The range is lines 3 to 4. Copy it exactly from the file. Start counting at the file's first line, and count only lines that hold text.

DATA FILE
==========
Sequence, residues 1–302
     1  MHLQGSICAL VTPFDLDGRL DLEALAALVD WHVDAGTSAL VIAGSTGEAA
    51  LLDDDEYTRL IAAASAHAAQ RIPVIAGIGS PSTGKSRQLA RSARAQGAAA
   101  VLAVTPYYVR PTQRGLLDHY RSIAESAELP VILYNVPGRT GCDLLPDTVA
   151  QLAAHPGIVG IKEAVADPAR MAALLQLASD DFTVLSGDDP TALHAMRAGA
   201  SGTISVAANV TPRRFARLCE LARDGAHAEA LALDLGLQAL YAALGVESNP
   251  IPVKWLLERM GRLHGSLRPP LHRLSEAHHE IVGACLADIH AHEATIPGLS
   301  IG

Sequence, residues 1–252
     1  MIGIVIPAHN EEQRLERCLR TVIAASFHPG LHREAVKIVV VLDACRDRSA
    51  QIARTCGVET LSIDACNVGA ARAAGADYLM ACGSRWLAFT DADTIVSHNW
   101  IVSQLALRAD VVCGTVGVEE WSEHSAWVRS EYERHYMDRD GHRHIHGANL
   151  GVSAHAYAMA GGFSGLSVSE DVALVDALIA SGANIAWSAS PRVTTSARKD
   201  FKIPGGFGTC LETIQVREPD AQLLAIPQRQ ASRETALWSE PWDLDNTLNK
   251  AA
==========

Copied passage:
    51  LLDDDEYTRL IAAASAHAAQ RIPVIAGIGS PSTGKSRQLA RSARAQGAAA
   101  VLAVTPYYVR PTQRGLLDHY RSIAESAELP VILYNVPGRT GCDLLPDTVA